The researchers showed that thioridazine kills leukemia stem cells without affecting normal blood stem cells
An anti-psychotic drug used to treat schizophrenia appears to get rid of cancer stem cells by helping them differentiate into less threatening cell types. The discovery reported in the Cell Press journal Cell on May 24th comes after researchers screened hundreds of compounds in search of those that would selectively inhibit human cancer stem cells, and it may lead rather swiftly to a clinical trial.
“You have to find something that’s truly selective for cancer stem cells,” said Mickie Bhatia, lead author of the study from McMaster University. “We’ve been working for some time and it’s hard to find that exact formula.”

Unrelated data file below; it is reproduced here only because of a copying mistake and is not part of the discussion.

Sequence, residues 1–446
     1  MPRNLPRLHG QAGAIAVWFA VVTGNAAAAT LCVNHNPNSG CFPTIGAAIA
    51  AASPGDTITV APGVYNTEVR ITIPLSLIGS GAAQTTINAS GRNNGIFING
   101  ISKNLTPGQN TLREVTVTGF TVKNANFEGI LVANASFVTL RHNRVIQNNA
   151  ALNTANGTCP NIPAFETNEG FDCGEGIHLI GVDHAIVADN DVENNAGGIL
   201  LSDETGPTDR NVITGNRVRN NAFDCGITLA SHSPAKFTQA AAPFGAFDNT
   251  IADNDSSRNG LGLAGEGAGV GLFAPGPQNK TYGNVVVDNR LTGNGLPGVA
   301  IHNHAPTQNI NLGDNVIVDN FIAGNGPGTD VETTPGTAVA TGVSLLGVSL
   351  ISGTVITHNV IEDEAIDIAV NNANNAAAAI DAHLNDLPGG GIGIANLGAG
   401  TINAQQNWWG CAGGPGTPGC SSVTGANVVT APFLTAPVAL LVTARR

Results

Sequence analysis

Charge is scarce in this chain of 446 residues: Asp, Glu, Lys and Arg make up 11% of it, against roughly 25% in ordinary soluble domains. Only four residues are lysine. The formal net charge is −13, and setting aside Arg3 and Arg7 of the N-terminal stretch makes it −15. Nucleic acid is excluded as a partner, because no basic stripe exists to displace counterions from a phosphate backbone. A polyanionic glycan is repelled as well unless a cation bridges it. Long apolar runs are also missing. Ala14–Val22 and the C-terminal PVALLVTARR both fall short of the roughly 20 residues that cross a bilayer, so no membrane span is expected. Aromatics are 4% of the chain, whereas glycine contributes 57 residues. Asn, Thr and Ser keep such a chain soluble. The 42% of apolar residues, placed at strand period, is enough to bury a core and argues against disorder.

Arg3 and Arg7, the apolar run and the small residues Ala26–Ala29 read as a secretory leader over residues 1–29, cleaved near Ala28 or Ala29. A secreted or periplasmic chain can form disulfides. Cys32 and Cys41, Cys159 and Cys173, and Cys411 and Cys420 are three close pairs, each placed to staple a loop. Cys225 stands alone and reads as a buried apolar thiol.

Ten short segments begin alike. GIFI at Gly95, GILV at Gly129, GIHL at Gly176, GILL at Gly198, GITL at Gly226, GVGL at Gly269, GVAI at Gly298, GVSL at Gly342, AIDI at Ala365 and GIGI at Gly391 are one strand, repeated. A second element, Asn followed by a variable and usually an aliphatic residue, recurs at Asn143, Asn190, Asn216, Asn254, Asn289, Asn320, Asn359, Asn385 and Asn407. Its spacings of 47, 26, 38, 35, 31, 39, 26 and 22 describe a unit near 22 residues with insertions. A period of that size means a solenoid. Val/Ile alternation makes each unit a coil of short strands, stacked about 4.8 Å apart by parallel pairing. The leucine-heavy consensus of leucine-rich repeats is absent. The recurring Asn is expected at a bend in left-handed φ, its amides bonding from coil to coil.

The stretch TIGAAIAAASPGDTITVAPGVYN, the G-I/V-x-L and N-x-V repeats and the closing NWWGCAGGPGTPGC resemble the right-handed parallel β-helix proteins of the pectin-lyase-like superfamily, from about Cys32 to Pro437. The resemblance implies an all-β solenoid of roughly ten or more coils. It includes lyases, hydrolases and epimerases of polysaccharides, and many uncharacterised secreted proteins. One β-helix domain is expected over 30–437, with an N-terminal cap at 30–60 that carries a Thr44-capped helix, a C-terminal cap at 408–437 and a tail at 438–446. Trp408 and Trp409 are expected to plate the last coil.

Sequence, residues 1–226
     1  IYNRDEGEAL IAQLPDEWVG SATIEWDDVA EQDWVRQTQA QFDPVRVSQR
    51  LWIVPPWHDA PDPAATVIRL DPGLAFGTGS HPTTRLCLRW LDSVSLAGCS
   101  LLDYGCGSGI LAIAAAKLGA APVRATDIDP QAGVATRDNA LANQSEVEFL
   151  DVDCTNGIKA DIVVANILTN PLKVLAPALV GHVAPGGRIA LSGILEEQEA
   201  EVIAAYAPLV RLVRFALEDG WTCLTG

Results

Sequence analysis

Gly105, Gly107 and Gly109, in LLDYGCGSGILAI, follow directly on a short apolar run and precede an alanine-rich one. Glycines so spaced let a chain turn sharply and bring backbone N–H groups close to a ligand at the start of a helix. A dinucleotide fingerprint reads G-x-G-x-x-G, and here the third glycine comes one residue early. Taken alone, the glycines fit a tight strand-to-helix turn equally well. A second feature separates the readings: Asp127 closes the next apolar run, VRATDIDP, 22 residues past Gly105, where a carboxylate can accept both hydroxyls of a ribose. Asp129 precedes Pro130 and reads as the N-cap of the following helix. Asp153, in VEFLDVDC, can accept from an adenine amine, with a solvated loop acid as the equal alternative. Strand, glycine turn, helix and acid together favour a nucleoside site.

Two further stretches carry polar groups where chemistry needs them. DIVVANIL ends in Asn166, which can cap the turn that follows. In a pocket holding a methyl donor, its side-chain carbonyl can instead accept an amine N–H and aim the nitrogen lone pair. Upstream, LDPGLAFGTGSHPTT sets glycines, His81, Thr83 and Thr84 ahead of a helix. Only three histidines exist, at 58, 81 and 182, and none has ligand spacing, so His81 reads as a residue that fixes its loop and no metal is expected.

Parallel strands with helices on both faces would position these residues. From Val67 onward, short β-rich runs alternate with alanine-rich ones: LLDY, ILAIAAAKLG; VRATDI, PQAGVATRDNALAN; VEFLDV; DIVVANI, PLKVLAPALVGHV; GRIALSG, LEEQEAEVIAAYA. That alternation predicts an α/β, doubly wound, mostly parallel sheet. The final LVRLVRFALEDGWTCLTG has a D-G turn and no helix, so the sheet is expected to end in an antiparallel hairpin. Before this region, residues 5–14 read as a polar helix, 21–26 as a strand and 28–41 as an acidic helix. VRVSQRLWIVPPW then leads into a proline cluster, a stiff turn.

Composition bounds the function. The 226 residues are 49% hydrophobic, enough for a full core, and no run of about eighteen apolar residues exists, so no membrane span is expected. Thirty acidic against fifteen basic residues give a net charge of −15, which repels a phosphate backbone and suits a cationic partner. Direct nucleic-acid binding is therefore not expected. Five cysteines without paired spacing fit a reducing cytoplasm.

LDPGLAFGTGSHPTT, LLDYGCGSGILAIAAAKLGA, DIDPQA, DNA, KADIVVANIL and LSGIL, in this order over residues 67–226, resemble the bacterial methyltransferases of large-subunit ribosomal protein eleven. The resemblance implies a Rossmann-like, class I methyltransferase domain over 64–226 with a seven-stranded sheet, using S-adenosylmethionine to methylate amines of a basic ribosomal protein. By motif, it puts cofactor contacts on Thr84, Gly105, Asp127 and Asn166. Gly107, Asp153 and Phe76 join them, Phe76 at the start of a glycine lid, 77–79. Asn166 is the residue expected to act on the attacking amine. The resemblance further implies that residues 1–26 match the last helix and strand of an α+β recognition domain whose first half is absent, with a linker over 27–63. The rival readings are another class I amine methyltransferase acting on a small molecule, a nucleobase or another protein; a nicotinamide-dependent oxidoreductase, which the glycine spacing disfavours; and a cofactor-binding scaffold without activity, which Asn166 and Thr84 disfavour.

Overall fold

The survival of cancer patients is largely unchanged from 30 years ago, and many suspect that greater success will come by addressing the rare and chemotherapy-resistant cancer stem cells.
Unlike normal stem cells, cancer stem cells resist differentiating into stable, non-dividing cell types. Bhatia’s team exploited this difference to simultaneously screen compounds for their activity against human cancer stem cells versus normal human stem cells.
By testing hundreds of compounds, they identified nearly 20 potential cancer stem cell specific drugs. The one that appeared most promising is an antipsychotic drug, thioridazine, which is known to work against schizophrenia by targeting dopamine receptors in the brain. The drug doesn’t appear to kill cancer stem cells, but rather encourages them to differentiate, thus exhausting the pool of self-renewing cells.
The researchers showed that thioridazine kills leukemia stem cells without affecting normal blood stem cells.
via Science Daily
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